Rule 403 of the Federal Rules of Evidence provides that, "all relevant evidence is admissible, except as otherwise provided". Relevant evidence is "evidence having any tendency to make the existence of any fact that is of consequence to the determination of the action more probable or less probable than it would be without the evidence". See Fed. R. Evid. 401. With these rules in mind, this Court finds that any testimony or evidence about plaintiff's previously dismissed discrimination claim is excluded. See Hazma v. New York City Health and Hosp. Corp., 2011 WL 6187078, at *7 (S.D.N.Y. 2001) (on the defendant's motion in limine, the Court excluded evidence of the previously dismissed national origin discrimination claim). Further, plaintiff is prohibited from introducing any evidence relating to any complaints made prior to February 16, 2006. Judge Mordue's prior Order narrowed the scope of plaintiff's retaliation claim to protected activities that occurred on or after February 16, 2006. See Levitant v. City of N.Y. Human Resources Admin., 2011 WL 795050, at *3 (E.D.N.Y. 2011) (the prior order limited the protected activities upon which the plaintiff could base a retaliation claim). The cases cited by plaintiff in support of her claim that, "this type of background information [is] routinely [] presented in retaliation claims" are readily distinguishable. The cases do not involve previously dismissed causes of action and are procedurally dissimilar. See Chopra v. Gen. Elec. Co., 527 F.Supp.2d 230 (D.Conn 2007) (on post-trial motions, the defendant objected to evidence after failing to contemporaneously object at trial motions for summary judgment).

Plaintiff will be permitted to introduce evidence and testimony relating to complaints made on or after February 16, 2006 in an attempt to establish her "good faith belief" that she was being discriminated. However, the probative value of any evidence/testimony relating to complaints made prior to February 16, 2006, which the Court previously determined were not "protected activities", is outweighed by the prejudicial effect and potential for juror confusion. Accordingly, defendant's motion is granted.

V. Defendant's Motion to Preclude Plaintiff from Introducing Evidence of Lost Wages After August 2009 Defendant argues that plaintiff failed to mitigate her damages and therefore, the Court

should preclude plaintiff from offering any evidence of lost wages after August 2009. Plaintiff opposes this request and contends that she diligently sought comparative work following her alleged retaliatory constructive discharge.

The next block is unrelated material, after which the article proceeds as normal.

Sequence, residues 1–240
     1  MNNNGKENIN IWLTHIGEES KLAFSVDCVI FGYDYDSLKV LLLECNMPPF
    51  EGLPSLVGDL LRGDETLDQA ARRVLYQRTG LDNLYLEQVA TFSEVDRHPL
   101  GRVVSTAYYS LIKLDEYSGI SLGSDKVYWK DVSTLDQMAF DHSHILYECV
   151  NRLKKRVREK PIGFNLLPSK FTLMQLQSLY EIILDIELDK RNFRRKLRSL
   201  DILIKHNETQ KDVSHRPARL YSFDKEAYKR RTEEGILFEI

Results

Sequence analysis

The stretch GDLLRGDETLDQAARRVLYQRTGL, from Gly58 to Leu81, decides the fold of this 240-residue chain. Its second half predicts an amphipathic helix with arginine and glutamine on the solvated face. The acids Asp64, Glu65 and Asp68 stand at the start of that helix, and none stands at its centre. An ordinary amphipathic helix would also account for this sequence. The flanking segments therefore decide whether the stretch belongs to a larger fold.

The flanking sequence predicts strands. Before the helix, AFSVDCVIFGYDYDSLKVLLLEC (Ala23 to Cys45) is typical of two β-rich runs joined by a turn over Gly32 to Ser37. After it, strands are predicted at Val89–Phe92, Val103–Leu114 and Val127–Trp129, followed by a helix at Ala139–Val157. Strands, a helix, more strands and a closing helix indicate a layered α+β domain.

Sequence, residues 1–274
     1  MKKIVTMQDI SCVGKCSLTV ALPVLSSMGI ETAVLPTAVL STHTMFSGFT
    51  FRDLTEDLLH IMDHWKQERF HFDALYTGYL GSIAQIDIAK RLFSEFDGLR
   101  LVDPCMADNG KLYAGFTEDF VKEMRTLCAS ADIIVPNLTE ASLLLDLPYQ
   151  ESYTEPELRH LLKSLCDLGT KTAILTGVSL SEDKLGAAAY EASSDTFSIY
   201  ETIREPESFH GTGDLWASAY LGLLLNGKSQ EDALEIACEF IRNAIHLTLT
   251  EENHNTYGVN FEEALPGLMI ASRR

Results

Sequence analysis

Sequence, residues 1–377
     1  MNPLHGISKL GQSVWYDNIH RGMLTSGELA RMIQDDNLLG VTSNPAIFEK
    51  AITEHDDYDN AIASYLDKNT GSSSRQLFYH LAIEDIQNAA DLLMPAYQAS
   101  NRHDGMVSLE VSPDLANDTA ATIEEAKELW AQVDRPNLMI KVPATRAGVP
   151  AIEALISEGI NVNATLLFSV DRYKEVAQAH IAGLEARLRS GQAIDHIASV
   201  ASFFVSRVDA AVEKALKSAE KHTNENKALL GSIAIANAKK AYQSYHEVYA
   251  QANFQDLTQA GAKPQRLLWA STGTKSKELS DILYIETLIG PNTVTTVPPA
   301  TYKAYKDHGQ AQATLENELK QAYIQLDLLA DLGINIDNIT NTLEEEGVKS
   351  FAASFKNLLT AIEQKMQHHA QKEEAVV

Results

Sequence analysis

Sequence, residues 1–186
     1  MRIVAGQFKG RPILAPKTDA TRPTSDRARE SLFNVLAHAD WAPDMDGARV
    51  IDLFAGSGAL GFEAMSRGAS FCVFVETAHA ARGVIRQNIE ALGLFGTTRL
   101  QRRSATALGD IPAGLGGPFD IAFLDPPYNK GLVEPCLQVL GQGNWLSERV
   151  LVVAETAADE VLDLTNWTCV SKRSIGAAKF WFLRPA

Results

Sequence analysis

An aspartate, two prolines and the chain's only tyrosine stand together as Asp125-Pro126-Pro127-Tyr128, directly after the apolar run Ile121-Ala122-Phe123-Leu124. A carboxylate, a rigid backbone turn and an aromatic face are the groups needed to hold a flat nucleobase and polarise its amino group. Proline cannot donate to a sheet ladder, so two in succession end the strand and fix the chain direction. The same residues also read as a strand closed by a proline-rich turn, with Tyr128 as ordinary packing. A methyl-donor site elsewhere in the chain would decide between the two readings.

The question of whether plaintiff properly mitigated her damages is a question for the jury. Simmons v. Dean Witter Reynolds, Inc., 1999 WL 825663, at *4 (S.D.N.Y. 1999) (the Court held there were triable issues of fact as to whether the plaintiff actively sought comparable employment after termination); see also Grassi v. New York Life Ins. Co., 1992 WL 249936, at *11 (S.D.N.Y. 1992) (the defense of failure to mitigate damages is best left until the plaintiffs have introduced evidence with respect to damages at trial); see also Cooper v. New York State Nurses Ass'n, 2012 WL 913080, at *13 (E.D.N.Y. 2012) (the court could not find as a matter of law that the plaintiff has failed to meet her burden to mitigate her damages but permitted the defendants to renew their application at the appropriate point during the trial). For the reasons set forth in Part I, defendant's motion is denied with leave to renew at trial.

VI. Additional Requests for Relief

Both parties present additional arguments and requests for preclusion of evidence in their oppositions to the respective motions in limine. These requests are not proper as they are untimely and further, the opposing parties have not had an opportunity to respond to the respective requests. As the trial is scheduled to commence in less than one week, the Court will not allow the parties to present additional briefing on these issues. In defendant's opposition to plaintiff's motion in limine, defendant moves to preclude the proposed deposition testimony of CNY Works employee Alvaro Valencia. Defendant argues, "it is presumed that Mr. Valencia's testimony will include a statement by him that CNY Works did not service Spanish speakers who did not speak English". In plaintiff's opposition to defendant's motion in limine, plaintiff moves to preclude any evidence of disciplinary action against plaintiff prior to October 2005. Plaintiff argues that the evidence is not relevant to the defense that DOL had a legitimate, non-retaliatory reason for terminating plaintiff.

For the reasons set forth in Part I, these requests are denied. The Court cannot make a ruling on the admissibility of the aforementioned witness and/or evidence at this time and will rule on the admissibility of "specific offerings of evidence and testimony" at trial. See Hazma, 2011 WL 6187078, at *9 (the Court deferred ruling on the admissibility of the plaintiff's prior positive employment evaluations).


It is hereby

ORDERED, that plaintiff's motion in limine (Dkt. No. 117) to preclude evidence relating to plaintiff's workers' compensation claim is DENIED WITH LEAVE TO RENEW; it is further

ORDERED, that defendant's motion in limine to preclude plaintiff from introducing Dr. Lax's trial testimony (Dkt. No. 108) is DENIED; it is further

ORDERED, that defendant's motion in limine (Dkt. No 108) for an order precluding plaintiff from introducing evidence of plaintiff's complaints prior to February 16, 2006 is GRANTED; it is further

ORDERED, that defendant's motion in limine for an order precluding plaintiff from introducing evidence of lost wages after August 2009 (Dkt. No. 108) is DENIED WITH LEAVE TO RENEW.